Taking photos - Why bother? And If so, When to bother!

So. Mum died about eight years ago, aged 75, and then my dad died at the end of 2021, aged 83. A pretty normal timescale for my parents and for that generation. But, amidst a house full of 80 years of mainly err... junk odds and ends (that took months to sort through), was my mum's prized photo collection.

It spanned four bookcases and comprised 100 albums, beautifully indexed and numbered, each with roughly 100 photos in. So 10,000 photos in all to do something with.

(one of the few of my 'dad on a cliff path' that I actually kept. He's IN the photo, not a dot on the horizon!)

There is no way I wanted my own house to inherit 10,000 physical photos, so the big sort out commenced. Despite taking over a man day, the process turned out easier than I'd expected. You see, in this collection, there were a huge number of:

  • landscape shots of the Cornwall and Devon cliffs and coastal path, usually in grainy gloom
  • flower beds from public gardens visited - so many flower beds!
  • snow in the garden, or on walks
  • my dad in an anorak on a coastal path, looking into the distance. Times 100 - or maybe 500. There were a lot of similar shots varying only in the location and exact path or cliff in the background.

All perfectly valid snaps, of course, and doubtless memories for my mum and dad, but clearly they have little value for me in 2023, let alone the next generation after me. So... they all had to go. Recycling, landfill, as needed. Sad, but it was the right thing to do.

Add in that most were taken in the pre-digital age on '126' and then eventually 35mm film, quite often on fixed focus cameras with no frills. So there was a lot of blurry, unusable rubbish. Not helped by the 24 photos per film (e.g.) limit and the 'I've paid for the film and developing, I'm jolly well going to keep the prints whatever their quality' mindset.

...Leaving me with about 200 (so 2%) photos which were worth keeping. Exclusively because they had people in them (other than yet another of my dad!) So weddings, parties, and other various get togethers, with recognisable faces and profiles, in some cases the only surviving images of various relatives. 

It turns out that by far (and I'm sorry if this sounds obvious) the most memorable photos and the ones which future generations may well prize are those of living, breathing people.

I got a lot of flack for my article postulating that phone cameras don't need more than 3x zoom, but the observations above do bear this point out again. In the future, what will your kids make of lots of 10x zoom shots of distant towers and cranes and squirrels and the moon - and (slightly fuzzy) people on stage in low light events?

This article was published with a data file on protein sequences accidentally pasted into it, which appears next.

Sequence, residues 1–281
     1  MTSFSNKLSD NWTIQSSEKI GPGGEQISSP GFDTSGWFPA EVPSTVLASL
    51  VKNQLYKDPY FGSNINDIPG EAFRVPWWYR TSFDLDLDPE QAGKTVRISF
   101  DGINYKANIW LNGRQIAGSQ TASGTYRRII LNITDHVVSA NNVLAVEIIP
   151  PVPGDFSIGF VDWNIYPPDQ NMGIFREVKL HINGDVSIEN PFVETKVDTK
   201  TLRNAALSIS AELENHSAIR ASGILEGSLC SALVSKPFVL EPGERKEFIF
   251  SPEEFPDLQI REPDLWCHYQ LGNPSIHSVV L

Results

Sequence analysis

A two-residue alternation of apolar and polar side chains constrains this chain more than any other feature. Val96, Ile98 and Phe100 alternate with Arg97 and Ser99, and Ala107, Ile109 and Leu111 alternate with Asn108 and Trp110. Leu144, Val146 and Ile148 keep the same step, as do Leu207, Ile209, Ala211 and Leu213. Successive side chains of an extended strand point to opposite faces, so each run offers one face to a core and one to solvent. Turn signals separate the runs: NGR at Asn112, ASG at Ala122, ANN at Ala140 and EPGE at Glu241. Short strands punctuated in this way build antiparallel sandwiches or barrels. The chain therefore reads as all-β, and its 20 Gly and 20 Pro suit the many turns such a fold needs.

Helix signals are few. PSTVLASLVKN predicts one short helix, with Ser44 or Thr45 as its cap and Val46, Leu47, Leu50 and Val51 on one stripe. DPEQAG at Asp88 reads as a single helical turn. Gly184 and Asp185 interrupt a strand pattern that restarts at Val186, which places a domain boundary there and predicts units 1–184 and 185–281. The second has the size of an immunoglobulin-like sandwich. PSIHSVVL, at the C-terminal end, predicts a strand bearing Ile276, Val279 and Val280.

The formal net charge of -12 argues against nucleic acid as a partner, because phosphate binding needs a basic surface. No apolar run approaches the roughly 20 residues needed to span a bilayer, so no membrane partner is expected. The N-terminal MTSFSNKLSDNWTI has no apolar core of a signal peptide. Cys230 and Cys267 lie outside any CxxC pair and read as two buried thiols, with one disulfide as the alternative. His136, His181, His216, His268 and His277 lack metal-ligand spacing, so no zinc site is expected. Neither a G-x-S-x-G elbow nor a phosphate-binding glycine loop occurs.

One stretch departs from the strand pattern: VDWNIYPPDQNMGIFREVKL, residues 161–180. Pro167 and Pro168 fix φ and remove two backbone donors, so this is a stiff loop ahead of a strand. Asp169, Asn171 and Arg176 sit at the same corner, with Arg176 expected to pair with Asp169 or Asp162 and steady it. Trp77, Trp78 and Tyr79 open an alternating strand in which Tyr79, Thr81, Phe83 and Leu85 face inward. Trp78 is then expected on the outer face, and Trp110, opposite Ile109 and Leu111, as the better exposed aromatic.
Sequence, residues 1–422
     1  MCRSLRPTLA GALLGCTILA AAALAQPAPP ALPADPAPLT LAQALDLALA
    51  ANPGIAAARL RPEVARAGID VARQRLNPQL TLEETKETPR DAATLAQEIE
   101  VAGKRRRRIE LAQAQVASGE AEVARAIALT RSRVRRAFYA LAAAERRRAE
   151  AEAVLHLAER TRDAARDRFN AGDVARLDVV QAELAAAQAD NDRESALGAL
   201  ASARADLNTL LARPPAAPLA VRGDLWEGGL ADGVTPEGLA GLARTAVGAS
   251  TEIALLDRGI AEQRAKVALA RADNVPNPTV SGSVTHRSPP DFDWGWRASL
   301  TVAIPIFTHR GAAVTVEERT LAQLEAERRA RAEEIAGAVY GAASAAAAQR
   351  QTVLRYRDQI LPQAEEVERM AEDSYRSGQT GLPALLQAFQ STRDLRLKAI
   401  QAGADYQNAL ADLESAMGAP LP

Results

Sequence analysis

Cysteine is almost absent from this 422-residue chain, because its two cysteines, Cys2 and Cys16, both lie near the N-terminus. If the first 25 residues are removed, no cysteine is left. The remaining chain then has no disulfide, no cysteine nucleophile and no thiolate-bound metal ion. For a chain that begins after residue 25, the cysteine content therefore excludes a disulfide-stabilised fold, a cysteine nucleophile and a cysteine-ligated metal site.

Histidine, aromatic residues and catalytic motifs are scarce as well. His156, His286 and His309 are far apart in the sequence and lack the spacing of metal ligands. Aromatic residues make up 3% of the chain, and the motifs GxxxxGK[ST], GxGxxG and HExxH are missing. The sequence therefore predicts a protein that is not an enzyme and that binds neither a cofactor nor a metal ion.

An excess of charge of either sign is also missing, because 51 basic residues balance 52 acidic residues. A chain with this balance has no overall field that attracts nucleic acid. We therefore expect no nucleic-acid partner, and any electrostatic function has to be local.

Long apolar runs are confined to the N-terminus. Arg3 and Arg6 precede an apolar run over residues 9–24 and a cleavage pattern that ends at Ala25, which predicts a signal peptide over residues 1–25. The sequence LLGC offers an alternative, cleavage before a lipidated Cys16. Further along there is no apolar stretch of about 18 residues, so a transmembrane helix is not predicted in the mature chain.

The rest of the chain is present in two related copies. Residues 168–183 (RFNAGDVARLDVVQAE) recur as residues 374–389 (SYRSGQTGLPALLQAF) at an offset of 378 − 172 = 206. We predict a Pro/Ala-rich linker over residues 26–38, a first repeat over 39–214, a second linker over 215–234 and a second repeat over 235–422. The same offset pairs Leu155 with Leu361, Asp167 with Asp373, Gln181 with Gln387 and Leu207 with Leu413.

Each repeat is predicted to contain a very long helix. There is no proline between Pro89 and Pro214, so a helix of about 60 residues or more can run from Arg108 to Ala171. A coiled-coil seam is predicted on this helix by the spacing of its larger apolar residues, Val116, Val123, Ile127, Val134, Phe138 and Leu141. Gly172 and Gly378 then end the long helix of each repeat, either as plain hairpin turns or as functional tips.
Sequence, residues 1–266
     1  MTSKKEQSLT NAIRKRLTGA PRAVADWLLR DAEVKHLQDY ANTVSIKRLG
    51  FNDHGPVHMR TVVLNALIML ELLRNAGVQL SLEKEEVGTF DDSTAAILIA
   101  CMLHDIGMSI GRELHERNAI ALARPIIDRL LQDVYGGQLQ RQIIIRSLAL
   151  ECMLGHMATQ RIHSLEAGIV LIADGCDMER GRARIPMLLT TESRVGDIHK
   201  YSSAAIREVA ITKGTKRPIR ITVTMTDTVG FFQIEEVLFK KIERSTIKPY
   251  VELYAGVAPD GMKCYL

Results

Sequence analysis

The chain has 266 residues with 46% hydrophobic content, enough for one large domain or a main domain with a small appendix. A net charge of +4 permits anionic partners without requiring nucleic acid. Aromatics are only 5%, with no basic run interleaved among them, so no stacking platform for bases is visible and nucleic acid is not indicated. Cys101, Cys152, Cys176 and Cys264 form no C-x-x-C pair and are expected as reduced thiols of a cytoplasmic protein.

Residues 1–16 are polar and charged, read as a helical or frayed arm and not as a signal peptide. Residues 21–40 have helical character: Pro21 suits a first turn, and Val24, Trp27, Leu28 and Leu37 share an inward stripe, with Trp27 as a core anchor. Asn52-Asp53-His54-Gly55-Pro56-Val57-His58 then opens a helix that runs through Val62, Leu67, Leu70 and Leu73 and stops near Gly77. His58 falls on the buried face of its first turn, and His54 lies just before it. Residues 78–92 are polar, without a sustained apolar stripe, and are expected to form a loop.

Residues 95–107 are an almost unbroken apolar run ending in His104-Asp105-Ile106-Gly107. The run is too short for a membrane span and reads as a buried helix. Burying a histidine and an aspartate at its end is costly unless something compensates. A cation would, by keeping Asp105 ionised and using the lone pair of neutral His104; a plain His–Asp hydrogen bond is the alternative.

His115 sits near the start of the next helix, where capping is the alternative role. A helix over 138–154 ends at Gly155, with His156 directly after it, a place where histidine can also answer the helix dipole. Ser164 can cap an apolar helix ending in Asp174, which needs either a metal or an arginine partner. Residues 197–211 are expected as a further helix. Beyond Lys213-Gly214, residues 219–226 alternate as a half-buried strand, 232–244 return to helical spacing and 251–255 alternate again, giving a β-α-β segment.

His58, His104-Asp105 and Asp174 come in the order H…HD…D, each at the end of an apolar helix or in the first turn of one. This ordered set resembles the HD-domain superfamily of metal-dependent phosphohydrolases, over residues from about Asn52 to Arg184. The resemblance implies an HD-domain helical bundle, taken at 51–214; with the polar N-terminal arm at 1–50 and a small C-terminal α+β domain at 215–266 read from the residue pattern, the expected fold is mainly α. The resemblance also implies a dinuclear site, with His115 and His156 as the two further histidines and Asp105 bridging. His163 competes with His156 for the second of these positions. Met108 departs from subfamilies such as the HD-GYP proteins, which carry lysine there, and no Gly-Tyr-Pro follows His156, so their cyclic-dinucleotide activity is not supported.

(attempting an arty 5x or so zoom moon shot on one of my various phones - ho hum)

I'll tell you what they'll do. All into digital landfill, never to be seen again. (At least it's not physical landfill and helping ruin the environment!) What will get saved, downloaded, favourited by others will be those shots with people in. Friends, family, relatives, even pets(!) 

None of which is me discouraging you from snapping whatever the heck you want. Your pizza, the guy across the road mowing his lawn, the neighbour's cat, an approaching train, some clouds, animals in the zoo, blurry dancing people at a party, you name it, you can snap it all in this 'almost-infinite space' digital world. 

Just don't pretend that such photos are essential, either to you now or to your family in the future!

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JT said…
Having had the same experience, I am entirely with you. It is only photos of human beings that count. Perhaps with the addition of premises that those human beings were connected with. The rest can safely be left to postcards.
However,I go further. Unless the mass of the remaining material is digitised future generations are unlikely to keep the material.
@JT: Yep, which is why I also started digitising the few hundred of my mum's photos - I've done about 80% in a few months, doing them in batches of 20 or so. I was going to scan them in a scanner, but it turns out that putting a photo on a window ledge (for light) and photographing with a decent camera phone also works. Others mileage may vary!!
Robin Ottawa said…
Partially agree. You're talking about photos as memories, but photos can also be for sharing experiences of the moment and for tools. I would say that 1% of my shots are the kind of images you are discussing. 1% of those might be keepers, as you say, although more are keepers for me during my lifetime. But 50% of my shots are just for sharing the moment with family and friends on social media, and the rest are my "work/hobby" shots. These include monitoring nature (crowd sourced on iNaturalist) and every day memory aids for dealing with life (comms we all do with friends, businesses, academics, civic work).

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